Shea Butter(raw) plus Coconut Oil
We've taken the benefits of coconut oil and added unrefined African Shea Butter. Edible shea butter is used in Central Africa to cook foods. It's loaded with Vitamins A, E, F and K and is one of the best moisturizers, skin conditioners, and skin balancer without any harmful chemicals. Found in cosmetics, hair products, lotions and salves, unrefined shea butter comes from the nut of the West and Central African karité tree. We blend coconut oil with shea butter so that you can get the benefits of both and so that the coconut oil will remain more solid and the shea butter will be softer. A perfect balanced moisturizer and protector for skin and hair. Use on dry skin and eczema, dry scalp treatment, chapped lips and cracked dry skin on heels, elbows and knees. Raw shea butter maintains its therapeutic qualities and will keep your skin moist and supple, whereas refined, processed shea butter loses almost all of healing properties.It has natural anti-inflammatory properties to heal scrapes, cuts and burns; relieve sunburn and rashes; soothes insect bites; eases pain from muscle fatigue and arthritis, skin wrinkle reducer, improves elasticity and suppleness, rebuilds collagen.
Moisturize dry skin
According to the American Shea Butter Institute, the moisturizers in shea butter are the same ones that are produced by the skin’s sebaceous glands, making it one of the best matches for dry skin.
Make your hair happy
Shea butter is used in many a haircare product and with good reason. It is said to have a number of benefits, including sealing in moisture, defining curl, conditioning the scalp, alleviating dandruff and decreasing the dreaded frizz. Also, applied to just the roots when styling can add a bit of volume to fine hair.
The American Shea Butter Institute claims that the application of high-quality shea butter will diminish the appearance of wrinkles after four to six weeks of use. Other research suggests that the application of shea butter to the skin results in a brighter complexion and visibly reduced wrinkles.
Enhance your kisser
Shea butter is said to protect and soothe the lips. Apply several times a day; smooch frequently to test its efficacy.
Calm inflamed skin
Shea butter has several anti-inflammatory agents, including derivatives of cinnamic acid. In a study on shea butter and its anti-inflammatory and chemopreventive effects published in the Journal of Oleo Science, researchers concluded that “shea nuts and shea fat (shea butter) constitute a significant source of anti-inflammatory and anti-tumor promoting compounds.” So go on, soothe away.
Fade stretch marks
While authorities like the Mayo Clinic and Baby Center note that the only way to really diminish stretch marks is with Retin-A or laser treatments, there are many testimonies across the Web of people who swear by the power of shea butter for helping in this endeavor. Its abundance of vitamins and healing agents doesn’t make this seem like much a stretch, so to speak.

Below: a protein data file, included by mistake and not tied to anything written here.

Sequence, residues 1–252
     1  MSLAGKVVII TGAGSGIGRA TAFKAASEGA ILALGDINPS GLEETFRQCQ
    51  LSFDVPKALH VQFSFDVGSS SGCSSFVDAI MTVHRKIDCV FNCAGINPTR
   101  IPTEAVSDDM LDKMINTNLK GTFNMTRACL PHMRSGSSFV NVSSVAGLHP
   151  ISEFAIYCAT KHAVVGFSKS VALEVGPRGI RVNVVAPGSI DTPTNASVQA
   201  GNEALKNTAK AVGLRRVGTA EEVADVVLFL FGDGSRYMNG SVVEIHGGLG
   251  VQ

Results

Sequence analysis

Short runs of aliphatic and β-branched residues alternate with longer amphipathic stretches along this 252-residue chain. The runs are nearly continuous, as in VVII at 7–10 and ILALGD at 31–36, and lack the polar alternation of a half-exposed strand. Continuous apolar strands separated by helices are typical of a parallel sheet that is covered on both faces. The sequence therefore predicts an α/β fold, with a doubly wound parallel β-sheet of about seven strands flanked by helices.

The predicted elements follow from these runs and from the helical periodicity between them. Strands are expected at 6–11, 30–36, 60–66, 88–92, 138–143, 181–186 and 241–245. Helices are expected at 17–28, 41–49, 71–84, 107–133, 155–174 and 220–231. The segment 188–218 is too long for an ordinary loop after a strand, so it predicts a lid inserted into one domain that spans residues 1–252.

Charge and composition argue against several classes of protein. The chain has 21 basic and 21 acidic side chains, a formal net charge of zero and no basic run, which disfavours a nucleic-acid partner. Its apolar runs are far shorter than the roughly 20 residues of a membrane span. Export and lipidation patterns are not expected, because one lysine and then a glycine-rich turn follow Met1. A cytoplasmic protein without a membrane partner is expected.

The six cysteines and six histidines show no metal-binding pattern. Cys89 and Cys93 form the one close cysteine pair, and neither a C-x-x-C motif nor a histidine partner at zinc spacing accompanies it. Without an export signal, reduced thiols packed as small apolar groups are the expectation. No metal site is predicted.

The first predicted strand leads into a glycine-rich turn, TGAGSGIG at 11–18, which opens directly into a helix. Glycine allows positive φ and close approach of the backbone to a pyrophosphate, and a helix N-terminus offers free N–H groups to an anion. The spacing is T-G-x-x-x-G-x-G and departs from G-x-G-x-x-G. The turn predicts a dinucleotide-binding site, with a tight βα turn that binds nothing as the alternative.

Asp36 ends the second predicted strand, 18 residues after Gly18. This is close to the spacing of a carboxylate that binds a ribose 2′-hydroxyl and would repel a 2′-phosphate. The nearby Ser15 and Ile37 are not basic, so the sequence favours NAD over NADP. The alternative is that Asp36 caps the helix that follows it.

Ease eczema and acne
Both eczema and acne require delicate treatments as not to exacerbate the problems; and in both cases, a pure and natural product is favorable to one with synthetic ingredients and fragrances. According to reviews, shea butter's efficacy for eczema and acne is mixed. Some say that it doesn't work at all, but more seem to agree that shea butter does indeed help. For eczema, users like to soak in a tub then apply shea butter while still damp to lock in the moisture; for acne, suggestions include applying a thin film after cleaning the face and then rinsing it off after a few hours. We can't guarantee these uses, but with shea's unique properties, it sure seems worth a try. (And if you have experience with either of these treatments, leave a comment and let us know how you fared.)
Repair cracked heels and troublesome cuticles
Many who suffer from painful cracked heels and dry cuticles claim that shea butter solves the problem. For heels that are particularly bad, apply shea butter before bed and slip into cotton socks for the night.
Give skin an antioxidant boost
Shea butter is high in vitamins A and E, as well as catechins and other significant plant antioxidants, which may protect skin from damage. There is evidence that suggests that cinnamic acid esters in shea fat also help to prevent damage from ultraviolet radiation.
Ditch the itch from insect bites
With its anti-inflammatory magic, it makes sense that shea butter would quell the swelling of insect bites, but if crowds of people across the Web are correct, it also stops the irksome itch of insect bites pretty much on the spot.
Aid your shave
The jury is still out on this one – some like a shea shave because it’s so nice on the skin; others say that it doesn’t provide enough cushion for the razor since it doesn’t lather. If you like more of an “oil shave” than a sudsy one, shave with shea. And even if you use a lather to shave with, applying shea post-shave can soothe irritation.
Clear nasal congestion
A study published in the British Journal of Clinical Pharmacology found that shea butter was potentially more efficacious in treating nasal congestion than nasal drops. Subjects with congestion (mostly associated with seasonal allergy) were given 2-4 grams of shea butter applied to the interior of the nostril “by means of the subject’s right index finger.” (Which is to say, you can try this at home!) The airways of those using the shea butter (opposed to those using nasal drops or petroleum jelly) became clear within 30 to 90 seconds of application, and remained so for 5 to 8 hours, besting the other treatment methods. (On a similar note, use shea butter instead of petroleum jelly to fight pollen, see: How to survive pollen season (without locking yourself inside the house.)